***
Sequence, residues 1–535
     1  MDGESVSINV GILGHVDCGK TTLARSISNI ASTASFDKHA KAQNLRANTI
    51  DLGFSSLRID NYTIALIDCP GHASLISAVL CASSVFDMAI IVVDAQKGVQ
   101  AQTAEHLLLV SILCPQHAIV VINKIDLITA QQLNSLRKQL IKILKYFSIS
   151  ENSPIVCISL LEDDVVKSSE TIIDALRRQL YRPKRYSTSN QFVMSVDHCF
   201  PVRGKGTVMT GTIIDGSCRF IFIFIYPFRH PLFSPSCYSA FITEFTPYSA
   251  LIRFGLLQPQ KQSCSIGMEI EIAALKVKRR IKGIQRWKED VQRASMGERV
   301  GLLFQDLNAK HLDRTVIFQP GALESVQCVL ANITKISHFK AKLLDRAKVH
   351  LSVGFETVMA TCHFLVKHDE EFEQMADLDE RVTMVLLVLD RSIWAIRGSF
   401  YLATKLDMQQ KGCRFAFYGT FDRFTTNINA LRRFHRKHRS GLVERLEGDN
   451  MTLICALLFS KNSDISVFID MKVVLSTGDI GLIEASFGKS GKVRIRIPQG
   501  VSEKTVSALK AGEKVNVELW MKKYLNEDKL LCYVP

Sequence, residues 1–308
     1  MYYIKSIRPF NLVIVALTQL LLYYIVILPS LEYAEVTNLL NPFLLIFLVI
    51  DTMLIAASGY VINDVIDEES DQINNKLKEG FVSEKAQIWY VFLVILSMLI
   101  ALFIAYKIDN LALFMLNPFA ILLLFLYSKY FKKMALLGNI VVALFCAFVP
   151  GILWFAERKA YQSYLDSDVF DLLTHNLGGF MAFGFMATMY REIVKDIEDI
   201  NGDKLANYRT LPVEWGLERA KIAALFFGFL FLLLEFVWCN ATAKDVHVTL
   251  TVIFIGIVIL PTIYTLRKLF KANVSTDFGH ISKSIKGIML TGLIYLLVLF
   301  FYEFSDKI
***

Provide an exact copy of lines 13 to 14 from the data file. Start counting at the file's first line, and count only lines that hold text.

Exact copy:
Sequence, residues 1–308
     1  MYYIKSIRPF NLVIVALTQL LLYYIVILPS LEYAEVTNLL NPFLLIFLVI